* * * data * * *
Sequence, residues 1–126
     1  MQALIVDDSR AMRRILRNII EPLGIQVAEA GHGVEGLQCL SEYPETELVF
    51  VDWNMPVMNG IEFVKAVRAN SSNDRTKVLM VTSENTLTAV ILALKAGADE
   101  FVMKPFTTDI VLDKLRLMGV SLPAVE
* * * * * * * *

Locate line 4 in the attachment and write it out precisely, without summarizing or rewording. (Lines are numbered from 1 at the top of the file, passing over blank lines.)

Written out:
   101  FVMKPFTTDI VLDKLRLMGV SLPAVE